5. Bleed immersive images off the slide edge
When you use pictures, try to find pictures that put your audience right inside the action. For instance, if you’re showing a picture of a business meeting, show it from the point of view of one of the participants, rather than someone watching from the back of the room. Help your audience see the world through the hero’s eyes.
There are many places online where you can find free high-quality images to use in your slides.
6. Real examples
One of the best presentations I ever saw involved someone who evaluated our product website by showing actual screenshots and demonstrating what the customer experience was like. It wasn’t pretty. They started by saying “Okay, I’m looking for an answer to a licensing question”. Then they showed us how they selected links to click on, which lead to another page loaded with links. After five or six clicks, they were back at the page they started. The message was clear: our website was a disaster.
Rather than simply summarizing the main points, consider having the audience experience a situation with you and then sum up the points. For instance, if you want to illustrate how slick a competitor’s mobile phone is, or how terrible your customer service is, don’t just list the details in bullet points but show a picture or play the customer service recording.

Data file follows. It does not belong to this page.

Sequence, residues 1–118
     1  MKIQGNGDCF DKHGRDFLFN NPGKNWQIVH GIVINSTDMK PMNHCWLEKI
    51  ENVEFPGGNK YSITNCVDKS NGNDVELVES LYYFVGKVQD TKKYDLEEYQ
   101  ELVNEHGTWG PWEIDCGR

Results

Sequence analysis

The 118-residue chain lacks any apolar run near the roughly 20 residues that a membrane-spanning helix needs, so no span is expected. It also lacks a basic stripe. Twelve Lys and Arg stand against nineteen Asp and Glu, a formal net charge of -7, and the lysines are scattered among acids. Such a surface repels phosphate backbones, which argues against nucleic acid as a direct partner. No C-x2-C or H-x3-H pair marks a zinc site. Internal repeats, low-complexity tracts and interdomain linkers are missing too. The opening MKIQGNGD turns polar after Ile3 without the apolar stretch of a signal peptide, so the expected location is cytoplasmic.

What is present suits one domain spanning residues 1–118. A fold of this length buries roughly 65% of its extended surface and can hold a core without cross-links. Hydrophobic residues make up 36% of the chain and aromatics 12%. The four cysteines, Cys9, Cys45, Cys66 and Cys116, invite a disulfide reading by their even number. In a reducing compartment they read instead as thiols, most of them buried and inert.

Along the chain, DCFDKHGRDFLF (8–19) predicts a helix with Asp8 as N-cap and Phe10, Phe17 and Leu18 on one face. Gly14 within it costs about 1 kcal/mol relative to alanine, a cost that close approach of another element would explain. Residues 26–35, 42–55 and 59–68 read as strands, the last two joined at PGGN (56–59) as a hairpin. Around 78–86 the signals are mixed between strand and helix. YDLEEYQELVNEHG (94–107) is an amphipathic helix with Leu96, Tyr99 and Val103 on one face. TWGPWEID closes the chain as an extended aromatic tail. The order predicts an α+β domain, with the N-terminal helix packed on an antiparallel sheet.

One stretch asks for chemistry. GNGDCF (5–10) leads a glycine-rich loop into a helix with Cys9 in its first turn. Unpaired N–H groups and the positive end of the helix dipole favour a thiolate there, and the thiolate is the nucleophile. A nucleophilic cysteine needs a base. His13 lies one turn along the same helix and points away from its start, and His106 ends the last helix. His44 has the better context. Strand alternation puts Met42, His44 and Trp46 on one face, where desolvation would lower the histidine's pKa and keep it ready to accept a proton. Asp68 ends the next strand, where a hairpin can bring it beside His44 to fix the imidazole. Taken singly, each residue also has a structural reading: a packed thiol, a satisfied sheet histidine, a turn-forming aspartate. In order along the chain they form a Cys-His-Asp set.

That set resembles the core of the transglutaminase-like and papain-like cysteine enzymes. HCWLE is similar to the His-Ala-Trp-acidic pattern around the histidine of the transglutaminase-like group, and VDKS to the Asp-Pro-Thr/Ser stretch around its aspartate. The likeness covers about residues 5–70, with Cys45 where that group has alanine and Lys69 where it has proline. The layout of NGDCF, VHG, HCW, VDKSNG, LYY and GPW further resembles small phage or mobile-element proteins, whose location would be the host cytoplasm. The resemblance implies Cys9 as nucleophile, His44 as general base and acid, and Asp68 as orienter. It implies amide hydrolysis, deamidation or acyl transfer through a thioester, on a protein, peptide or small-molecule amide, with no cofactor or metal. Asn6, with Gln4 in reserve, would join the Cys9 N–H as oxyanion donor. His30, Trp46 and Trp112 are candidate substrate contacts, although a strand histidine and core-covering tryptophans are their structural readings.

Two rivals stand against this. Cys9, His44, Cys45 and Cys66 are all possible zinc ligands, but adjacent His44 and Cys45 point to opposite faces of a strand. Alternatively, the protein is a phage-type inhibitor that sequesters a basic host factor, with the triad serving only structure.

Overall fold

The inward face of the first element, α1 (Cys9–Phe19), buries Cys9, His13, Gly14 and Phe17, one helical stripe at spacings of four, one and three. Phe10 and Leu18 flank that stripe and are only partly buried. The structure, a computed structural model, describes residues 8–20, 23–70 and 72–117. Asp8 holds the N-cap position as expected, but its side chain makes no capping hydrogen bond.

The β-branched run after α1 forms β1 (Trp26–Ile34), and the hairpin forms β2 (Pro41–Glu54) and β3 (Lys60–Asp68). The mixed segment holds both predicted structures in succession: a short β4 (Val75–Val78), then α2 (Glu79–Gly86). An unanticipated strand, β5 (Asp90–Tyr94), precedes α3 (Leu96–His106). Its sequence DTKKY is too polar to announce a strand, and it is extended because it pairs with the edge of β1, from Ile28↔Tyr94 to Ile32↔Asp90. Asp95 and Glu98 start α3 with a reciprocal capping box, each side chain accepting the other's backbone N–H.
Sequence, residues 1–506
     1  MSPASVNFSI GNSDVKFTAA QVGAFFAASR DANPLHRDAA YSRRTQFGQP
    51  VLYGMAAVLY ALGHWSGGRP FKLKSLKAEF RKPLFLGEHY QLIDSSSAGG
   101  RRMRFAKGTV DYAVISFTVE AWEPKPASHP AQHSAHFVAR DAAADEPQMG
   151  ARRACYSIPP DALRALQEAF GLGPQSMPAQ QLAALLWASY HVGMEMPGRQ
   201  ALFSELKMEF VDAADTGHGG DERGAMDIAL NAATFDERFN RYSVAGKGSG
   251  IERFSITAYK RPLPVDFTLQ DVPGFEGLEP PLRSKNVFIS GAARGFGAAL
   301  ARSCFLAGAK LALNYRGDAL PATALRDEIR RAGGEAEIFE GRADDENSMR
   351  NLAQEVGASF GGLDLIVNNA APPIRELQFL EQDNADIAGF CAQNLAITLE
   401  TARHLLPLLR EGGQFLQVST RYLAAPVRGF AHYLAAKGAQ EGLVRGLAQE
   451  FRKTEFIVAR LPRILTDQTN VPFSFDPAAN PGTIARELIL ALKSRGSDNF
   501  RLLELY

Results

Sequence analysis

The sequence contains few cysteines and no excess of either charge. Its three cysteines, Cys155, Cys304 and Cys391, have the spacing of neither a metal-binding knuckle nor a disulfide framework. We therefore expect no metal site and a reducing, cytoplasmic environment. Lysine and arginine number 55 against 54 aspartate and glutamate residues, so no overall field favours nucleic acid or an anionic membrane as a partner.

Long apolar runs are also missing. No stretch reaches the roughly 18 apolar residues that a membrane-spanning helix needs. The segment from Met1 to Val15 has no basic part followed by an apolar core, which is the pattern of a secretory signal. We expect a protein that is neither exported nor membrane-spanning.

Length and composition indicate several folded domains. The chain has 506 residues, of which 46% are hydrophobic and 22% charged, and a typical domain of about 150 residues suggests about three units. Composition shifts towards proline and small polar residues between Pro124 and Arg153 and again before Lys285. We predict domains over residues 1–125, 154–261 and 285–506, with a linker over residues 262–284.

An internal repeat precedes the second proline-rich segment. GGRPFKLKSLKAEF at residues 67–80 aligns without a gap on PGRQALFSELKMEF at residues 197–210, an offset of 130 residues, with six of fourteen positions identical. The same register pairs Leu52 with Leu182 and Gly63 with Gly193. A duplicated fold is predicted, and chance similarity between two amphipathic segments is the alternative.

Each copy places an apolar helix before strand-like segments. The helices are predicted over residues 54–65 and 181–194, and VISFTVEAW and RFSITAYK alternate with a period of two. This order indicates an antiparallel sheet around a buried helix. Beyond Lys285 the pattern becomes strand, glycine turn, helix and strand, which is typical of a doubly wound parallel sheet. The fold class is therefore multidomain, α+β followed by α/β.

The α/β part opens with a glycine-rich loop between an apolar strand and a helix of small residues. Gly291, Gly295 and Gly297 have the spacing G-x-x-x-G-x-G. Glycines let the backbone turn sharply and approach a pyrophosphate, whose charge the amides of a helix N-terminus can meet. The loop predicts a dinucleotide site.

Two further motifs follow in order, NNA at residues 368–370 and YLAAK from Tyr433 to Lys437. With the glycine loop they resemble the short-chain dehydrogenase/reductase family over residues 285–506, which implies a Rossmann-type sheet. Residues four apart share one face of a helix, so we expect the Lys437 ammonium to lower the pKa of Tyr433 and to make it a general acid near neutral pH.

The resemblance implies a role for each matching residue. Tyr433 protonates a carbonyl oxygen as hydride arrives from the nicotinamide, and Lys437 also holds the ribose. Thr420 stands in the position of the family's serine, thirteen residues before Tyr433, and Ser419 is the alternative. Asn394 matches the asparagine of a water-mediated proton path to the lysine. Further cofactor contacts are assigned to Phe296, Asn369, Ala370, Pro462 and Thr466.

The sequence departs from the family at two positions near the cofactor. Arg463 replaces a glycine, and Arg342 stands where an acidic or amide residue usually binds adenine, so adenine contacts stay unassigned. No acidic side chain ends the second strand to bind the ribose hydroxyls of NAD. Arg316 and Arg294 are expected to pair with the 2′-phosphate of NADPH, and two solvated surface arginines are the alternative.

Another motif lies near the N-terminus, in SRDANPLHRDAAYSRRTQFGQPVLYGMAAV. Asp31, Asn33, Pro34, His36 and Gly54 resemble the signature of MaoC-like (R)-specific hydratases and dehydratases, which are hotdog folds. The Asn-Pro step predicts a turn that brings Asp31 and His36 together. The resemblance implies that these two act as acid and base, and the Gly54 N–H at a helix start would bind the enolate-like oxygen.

7. Video and audio
Some of the most memorable presentations I’ve seen have included video, especially of customers speaking. Executives love to hear things directly in the customer’s own words. Now that mobile phone have built-in cameras, and camcorders are affordable, you should think about capturing more video for your presentations.
For instance, if you’re going to a trade show, bring a camcorder to capture the competitor’s booth. Going on a customer visit? Ask if you can interview the customer on film. Record customers shopping in your store to illustrate how them make decisions.